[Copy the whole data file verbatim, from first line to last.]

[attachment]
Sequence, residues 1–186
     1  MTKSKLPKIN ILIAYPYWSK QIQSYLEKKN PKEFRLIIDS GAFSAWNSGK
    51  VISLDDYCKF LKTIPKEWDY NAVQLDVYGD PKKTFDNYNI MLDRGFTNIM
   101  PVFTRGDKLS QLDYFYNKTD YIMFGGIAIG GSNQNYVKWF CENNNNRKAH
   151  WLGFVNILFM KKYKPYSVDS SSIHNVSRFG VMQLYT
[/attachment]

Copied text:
Sequence, residues 1–186
     1  MTKSKLPKIN ILIAYPYWSK QIQSYLEKKN PKEFRLIIDS GAFSAWNSGK
    51  VISLDDYCKF LKTIPKEWDY NAVQLDVYGD PKKTFDNYNI MLDRGFTNIM
   101  PVFTRGDKLS QLDYFYNKTD YIMFGGIAIG GSNQNYVKWF CENNNNRKAH
   151  WLGFVNILFM KKYKPYSVDS SSIHNVSRFG VMQLYT